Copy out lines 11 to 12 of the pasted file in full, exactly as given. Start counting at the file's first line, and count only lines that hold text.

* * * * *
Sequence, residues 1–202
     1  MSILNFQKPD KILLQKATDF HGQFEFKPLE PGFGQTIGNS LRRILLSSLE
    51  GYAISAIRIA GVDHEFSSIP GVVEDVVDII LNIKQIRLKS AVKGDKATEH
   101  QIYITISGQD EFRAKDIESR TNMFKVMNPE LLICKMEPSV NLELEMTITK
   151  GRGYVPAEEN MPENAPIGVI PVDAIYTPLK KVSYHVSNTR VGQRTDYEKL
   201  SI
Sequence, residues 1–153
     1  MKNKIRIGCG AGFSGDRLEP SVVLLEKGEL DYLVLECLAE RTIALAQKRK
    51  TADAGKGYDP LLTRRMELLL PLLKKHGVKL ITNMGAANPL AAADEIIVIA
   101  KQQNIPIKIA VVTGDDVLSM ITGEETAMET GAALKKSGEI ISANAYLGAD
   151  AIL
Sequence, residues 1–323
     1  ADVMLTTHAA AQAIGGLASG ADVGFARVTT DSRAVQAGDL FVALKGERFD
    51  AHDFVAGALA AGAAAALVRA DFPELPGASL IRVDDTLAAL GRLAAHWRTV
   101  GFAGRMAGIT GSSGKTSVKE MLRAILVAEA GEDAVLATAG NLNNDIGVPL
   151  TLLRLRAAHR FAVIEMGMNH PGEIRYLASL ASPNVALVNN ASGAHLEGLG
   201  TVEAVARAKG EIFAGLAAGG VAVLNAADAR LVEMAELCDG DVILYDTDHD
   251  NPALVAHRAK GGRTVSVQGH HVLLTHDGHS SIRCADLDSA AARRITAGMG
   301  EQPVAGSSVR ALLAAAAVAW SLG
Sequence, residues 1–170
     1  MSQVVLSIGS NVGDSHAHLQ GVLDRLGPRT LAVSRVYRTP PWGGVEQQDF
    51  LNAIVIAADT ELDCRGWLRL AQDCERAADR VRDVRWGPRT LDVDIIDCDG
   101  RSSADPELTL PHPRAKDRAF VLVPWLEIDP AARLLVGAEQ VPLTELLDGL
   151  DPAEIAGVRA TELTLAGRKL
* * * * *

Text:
   151  AIL
Sequence, residues 1–323